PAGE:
Monday, December 09, 2019

Rene Auberjonois

There are many reasons one might know Rene Auberjonois, who passed away yesterday at the age of 79. From Benson, from his appearances in Robert Altman movies, from Boston Legal. I was delighted to hear his voice in Fallout: New Vegas and I was always creeped out by his skeleton in The Last Unicorn when I was little. But, like many people, for me he was mainly Constable Odo on Deep Space Nine. Last night I watched one of the episodes I used to watch over and over in high school, the second season noir homage "Necessary Evil".

Season two is my favourite season of Deep Space Nine. It's far enough from the premiere that the rough edges have been mostly smoothed out and it's before the showrunners started trying to incorporate more traditional Star Trek elements in season three, like the Defiant. I like the Defiant and many other aspects of the series post-season two but two seems like the high water mark of what the show set out to be in the beginning; a place resting on several economic, political, and cultural fault lines slowly trying to heal from horrible recent history. "Necessary Evil" is a prime example because half of it is flashbacks to when the station was controlled by the Cardassians occupying Bajor. And there's a concept lending itself perfectly to a noir plot like Out of the Past or Witness for the Prosecution.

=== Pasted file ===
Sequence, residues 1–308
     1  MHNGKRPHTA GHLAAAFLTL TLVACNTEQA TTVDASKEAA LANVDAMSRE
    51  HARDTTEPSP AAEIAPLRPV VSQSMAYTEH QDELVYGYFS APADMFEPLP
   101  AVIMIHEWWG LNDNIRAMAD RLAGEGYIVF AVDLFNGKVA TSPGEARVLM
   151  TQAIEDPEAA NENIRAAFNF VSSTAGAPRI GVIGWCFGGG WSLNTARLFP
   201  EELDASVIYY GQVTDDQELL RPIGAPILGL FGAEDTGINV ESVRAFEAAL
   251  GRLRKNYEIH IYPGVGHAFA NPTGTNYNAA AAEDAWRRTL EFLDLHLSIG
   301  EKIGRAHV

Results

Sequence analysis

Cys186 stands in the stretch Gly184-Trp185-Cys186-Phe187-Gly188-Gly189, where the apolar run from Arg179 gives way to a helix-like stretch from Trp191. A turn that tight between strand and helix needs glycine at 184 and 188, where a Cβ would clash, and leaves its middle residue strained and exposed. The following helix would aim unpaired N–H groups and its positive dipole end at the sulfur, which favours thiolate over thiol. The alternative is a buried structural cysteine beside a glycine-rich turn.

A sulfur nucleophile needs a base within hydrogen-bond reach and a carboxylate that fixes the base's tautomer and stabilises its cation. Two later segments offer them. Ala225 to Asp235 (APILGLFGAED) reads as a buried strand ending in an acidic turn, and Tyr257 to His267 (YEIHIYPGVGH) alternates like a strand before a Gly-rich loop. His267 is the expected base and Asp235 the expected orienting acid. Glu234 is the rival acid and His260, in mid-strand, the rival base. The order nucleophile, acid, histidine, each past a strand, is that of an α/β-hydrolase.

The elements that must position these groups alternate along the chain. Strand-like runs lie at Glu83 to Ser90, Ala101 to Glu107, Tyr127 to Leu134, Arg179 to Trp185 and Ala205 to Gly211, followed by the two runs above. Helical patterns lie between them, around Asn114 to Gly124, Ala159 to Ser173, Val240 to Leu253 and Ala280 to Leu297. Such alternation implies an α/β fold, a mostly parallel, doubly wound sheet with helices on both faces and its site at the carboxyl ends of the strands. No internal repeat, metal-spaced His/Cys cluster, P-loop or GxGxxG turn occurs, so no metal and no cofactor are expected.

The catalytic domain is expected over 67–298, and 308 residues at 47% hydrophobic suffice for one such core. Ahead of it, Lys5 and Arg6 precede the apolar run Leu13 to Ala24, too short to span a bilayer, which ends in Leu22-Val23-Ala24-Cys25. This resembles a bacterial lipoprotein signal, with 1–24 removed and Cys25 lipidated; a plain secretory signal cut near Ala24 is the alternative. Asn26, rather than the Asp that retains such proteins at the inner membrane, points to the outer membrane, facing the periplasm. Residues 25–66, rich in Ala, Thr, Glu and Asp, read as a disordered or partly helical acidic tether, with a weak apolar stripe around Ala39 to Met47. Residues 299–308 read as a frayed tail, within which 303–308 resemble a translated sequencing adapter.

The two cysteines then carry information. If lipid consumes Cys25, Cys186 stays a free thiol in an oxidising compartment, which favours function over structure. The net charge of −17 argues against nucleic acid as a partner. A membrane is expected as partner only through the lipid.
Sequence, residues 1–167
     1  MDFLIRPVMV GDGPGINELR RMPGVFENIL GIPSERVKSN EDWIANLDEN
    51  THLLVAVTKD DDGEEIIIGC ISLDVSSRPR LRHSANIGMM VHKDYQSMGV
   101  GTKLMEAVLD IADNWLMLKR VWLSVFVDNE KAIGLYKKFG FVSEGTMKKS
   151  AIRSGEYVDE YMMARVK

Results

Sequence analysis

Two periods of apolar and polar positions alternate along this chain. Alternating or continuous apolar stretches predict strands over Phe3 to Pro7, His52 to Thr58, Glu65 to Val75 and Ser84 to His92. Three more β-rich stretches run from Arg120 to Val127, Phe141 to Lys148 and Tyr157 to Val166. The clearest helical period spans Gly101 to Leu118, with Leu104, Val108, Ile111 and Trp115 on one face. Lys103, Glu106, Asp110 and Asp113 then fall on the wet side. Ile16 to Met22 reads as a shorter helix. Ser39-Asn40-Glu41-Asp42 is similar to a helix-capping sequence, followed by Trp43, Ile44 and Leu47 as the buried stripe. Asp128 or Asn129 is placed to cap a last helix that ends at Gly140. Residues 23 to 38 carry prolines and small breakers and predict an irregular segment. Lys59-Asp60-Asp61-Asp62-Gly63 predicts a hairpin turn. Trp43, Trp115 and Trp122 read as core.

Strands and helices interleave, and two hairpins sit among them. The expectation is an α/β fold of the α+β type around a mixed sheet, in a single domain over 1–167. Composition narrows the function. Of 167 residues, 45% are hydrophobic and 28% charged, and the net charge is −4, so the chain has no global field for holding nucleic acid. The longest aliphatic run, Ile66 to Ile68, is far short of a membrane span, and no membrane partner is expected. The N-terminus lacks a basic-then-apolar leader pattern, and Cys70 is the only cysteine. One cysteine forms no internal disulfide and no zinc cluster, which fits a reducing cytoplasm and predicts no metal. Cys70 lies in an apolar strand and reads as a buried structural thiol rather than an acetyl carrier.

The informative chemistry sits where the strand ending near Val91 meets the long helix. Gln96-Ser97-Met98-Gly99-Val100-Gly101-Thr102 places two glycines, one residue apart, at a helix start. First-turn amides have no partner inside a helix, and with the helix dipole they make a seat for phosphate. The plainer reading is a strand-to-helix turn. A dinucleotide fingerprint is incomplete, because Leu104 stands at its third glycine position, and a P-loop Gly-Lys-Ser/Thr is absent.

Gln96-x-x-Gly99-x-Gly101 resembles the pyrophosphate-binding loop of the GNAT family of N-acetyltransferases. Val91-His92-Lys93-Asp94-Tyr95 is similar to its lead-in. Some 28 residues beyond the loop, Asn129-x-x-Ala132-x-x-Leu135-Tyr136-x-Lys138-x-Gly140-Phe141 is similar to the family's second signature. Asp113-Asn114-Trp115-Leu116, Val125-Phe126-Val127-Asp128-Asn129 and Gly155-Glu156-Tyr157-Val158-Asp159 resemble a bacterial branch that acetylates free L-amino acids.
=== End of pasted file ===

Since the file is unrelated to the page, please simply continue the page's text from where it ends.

Quark (Armin Shimerman) is shot and Odo is compelled to reopen a murder investigation dating back to the Cardassian occupation--his first job as the station's investigator, in fact. Assigned to the post by Gul Dukat who suspects the shapeshifter will have a knack for the job, we see Odo's first efforts at interrogation and, indeed, his keen skills of observation honed in the interest of perfecting his imitation of humanoids enables him to spot signs of duplicity, among other things.

Now a more experienced detective in the present, he's forced to reassess his earlier judgements. This was Odo at his best, in my opinion. My interest in the character diminished when every episode about him became about his connexion to his people and his emotional vulnerability. Auberjonois could play both brilliantly but I preferred the hard nosed detective with just a hint of oddly childlike, earnest vulnerability.

Maybe if the show were resurrected we wouldn't see Odo, anyway. Maybe they could recast the character since he is a shapeshifter, after all. But it would seem like sacrilege now continuing without Auberjonois who was a very big part of what made Deep Space Nine one of the highlights of the Star Trek canon.

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